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Basic Computer Programming ft. QBasicBy:Blessy B. Campos Michelangelo LemonGrade 9 SSC-Lavoisier QBASIC TUTORIALWhat is QBasic?

BASIC stands for Beginners All Purpose Symbolic Instruction Code. It was invented in 1963, at Darmouth College, by the mathematicians John George Kemeny and Tom Kurtzas.BASIC is an interpreter which means it reads every line, translates it and lets the computer execute it before reading another. Each instruction starts with a line number.QBasic DataData is a collection of facts and figures that is entered into the computer through the keyboard. Data has 2 Types:1) CONSTANT: Data whose value does not change or remains fixed. There are two types of constants: (a) NUMERIC CONSTANT: Numbers negative or positive used for mathematical calculations e.g. -1,20,0 (b) ALPHANUMERIC CONSTANT/STRING: Numbers or alphabets written within double quotes (inverted commas ) e.g. Computer, Operating System2) VARIABLE: Data whose value is not constant and may change due to some calculation during the program execution. It is a location in the computers memory, which stores the values. Depending on what value is held, variables are of 2 Types:

(a) NUMERIC VARIABLE: The variable that holds a Numeric Constant for arithmetic calculations (+,-,*,/) is called a Numeric Variable. e.g. A = 50, here A is the Numeric Variable.

(b) ALPHANUMERIC VARIABLE: The variable that holds an Alphanumeric Constant, which cannot be used for arithmetic calculations, is called Alphanumeric Variable or String Variable. An Alphanumeric variable must end with a $ sign and the Alphanumeric constant must be enclosed in inverted commas. e.g. Name$ = Akanksha, here Name$ is an Alphanumeric Value.

Types of Mode in QBasicOnce QBASIC program is loaded into the computer memory, it displays Ok prompt. Ok means it is ready to accept the commands. QBASIC can be made to translate your instructions in two modes:Direct ModeProgram Mode

Direct Mode: The mode accepts single line instructions from the user and the output is viewed as soon as enter key is pressed. The instruction are not stored in the memory. This mode can be used to do quick calculation. They do not have line numbers. E.g. Print 3+4Program Mode: The mode is used to type a program which is stored in the memory. They have line numbers. We have to give the command to get the output. E.g. 10 Print 3+4 20 End

RUNIntroduction to ProgrammingProgram is a set of step-by-step instructions that tells or directs the computer what to do. It sequences the tasks and user wants to be done and produces results or output needed.The set of rules or instructions that tells the computer what to perform is done through a Programming Language. There are various types of Programming Languages you can choose from.A Programmer is the person who designs a program. It converts problem solution into instructions for the computer. The programmer designs the program, decides which of the programs or set of instructions to use and tests the program to see if it is working as designed.Retrieving keyboard input from the userOne way to receive input from the keyboard is with the INPUT command. The INPUT command allows the user to enter either a string or a number, which is then stored in a variable.When this program is executed, the INPUT command displays a question mark, followed by a blinking cursor. And when you enter text, the program stores that text into the variable data which is printed to the screen. *Just a TIP:If you place a string and a semi-colon between input and the variable, the program will print the stringExample:INPUT Enter some text :; dataTo receive a number, use a non-string variable.INPUT numberPRINT number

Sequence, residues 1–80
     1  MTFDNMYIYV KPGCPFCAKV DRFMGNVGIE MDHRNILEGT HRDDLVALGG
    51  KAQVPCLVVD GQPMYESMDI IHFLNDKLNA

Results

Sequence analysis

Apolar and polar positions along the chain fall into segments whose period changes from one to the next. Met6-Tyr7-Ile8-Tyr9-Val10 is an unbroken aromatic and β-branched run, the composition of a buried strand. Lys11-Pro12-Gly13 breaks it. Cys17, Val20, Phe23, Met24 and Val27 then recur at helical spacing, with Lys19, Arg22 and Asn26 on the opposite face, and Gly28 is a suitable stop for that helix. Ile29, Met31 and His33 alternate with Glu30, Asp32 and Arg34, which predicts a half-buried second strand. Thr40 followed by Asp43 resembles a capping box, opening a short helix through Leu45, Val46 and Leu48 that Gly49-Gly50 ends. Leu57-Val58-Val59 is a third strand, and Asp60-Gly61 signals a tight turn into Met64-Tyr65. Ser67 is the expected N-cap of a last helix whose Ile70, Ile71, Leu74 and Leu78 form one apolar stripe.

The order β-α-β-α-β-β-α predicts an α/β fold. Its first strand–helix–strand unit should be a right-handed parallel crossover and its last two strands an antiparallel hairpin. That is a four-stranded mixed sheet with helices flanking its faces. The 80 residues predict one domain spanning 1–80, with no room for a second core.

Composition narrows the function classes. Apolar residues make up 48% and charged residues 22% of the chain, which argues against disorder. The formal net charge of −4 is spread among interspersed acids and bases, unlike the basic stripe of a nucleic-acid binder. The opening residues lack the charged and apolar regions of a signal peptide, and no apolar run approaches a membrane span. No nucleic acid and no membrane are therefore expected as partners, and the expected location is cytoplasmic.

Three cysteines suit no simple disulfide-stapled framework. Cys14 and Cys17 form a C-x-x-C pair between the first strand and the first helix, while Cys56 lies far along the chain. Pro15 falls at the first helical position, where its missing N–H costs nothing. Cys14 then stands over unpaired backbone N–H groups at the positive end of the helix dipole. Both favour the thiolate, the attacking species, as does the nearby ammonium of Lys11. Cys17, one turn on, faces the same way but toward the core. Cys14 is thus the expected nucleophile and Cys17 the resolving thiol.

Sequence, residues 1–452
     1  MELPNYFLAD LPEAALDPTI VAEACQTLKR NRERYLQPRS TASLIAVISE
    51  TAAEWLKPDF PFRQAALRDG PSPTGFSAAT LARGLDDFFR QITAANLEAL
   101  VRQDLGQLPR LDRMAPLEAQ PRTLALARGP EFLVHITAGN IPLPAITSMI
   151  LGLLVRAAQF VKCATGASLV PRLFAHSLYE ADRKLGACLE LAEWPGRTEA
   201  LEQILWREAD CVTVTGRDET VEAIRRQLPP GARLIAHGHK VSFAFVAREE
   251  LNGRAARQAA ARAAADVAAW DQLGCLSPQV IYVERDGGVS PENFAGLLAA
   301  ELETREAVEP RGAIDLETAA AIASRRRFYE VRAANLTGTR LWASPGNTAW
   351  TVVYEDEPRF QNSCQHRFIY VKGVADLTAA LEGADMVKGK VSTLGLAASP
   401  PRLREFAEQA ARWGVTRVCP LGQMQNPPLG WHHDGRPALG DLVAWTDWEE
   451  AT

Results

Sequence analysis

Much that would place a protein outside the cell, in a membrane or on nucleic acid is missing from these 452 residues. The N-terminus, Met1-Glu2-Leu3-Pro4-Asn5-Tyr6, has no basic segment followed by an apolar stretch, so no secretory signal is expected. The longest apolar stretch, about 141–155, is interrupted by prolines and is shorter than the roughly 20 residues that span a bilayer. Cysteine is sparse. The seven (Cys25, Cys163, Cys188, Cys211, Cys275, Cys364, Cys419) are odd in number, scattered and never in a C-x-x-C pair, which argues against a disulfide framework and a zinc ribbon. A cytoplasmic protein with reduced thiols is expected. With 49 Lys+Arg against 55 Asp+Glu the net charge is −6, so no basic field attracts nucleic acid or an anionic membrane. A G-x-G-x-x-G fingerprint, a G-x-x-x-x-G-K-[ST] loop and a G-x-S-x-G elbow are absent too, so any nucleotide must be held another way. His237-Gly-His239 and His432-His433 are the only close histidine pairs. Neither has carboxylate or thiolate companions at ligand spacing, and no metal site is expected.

If you enter text instead of a number, the QBASIC interpreter displays an error message ( Redo from start)

Example in QBasic


OUTPUTThe IF and THEN commandsThe IF and THEN commands are used to compare an expression and then perform some task based on that expression.

Example:x = 5IF x = 5 THEN PRINT x is equals 5Since x does equal 5 in this case , the program outputs;x equals 5Expression SignsYou can also enter the following statements, instead of the equals sign;x < 5 ( x is less than 5)x > 5 (x is greater than 5)Run the following:x = 16IF (x > 5) THEN PRINT x is greater than 5Output:x is greater than 5You can also combine the signs like this:x = (x is greater than or equal to 5)

x 5 (x does not equal 5)ELSEUsing the ELSE command, you can have the program perform a different action of the statement if FALSE.

Example:x = 3IF x = 5 THEN PRINT Yes ELSE PRINT NoSince x is not equal to 5, the output is:NoEND IFEND IF allows you to have multiple commands after the IF . . . THEN statement, but they must start on the line after the IF statement. END IF should appear right after the list off commands.

Example:x = 5IF (x = 5) THENINPUT a$PRINT a$END IFMultiple ExpressionsYou can have more than one expression in IF. . .THEN by using either the OR operator or the AND operator.

The OR operator only requires one expression to be true in order to print Yes.The AND operator requires both expressions to be true.

Example:x = 16y = 3IF (x > 5 AND x < 10 OR y = 3) THEN PRINT CorrectOUTPUT (since Y is 3):CorrectStrings in IFTHENSo far in this topic, weve only been dealing with numbers, but you can also use strings with the IF. . .THEN command.Example:x = HelloIF (x = Hello OR x = World) THEN PRINT xOUTPUT:HelloGuessing GameThe following is a simple guessing game:CLSstart :PRINT Guess a number between 1 and 10: ;INPUT num

If (num < 1 OR num > 10) THEN PRINT That is not between 1 and 10GOTO startIF (num=6) THEN PRINT CORRECT! ! !ELSEPRINT TRY AGAINPRINTGOTO STARTEND IF

OUTPUT (may be sligthly different):Guess a number between 1 and 10: ? 2Try AgainGuess a number between 1 and 10: ? 7Try AgainGuess a number between 1 and 10: ? 6Correct! ! !

Blessy B. Campos Michelangelo Lemon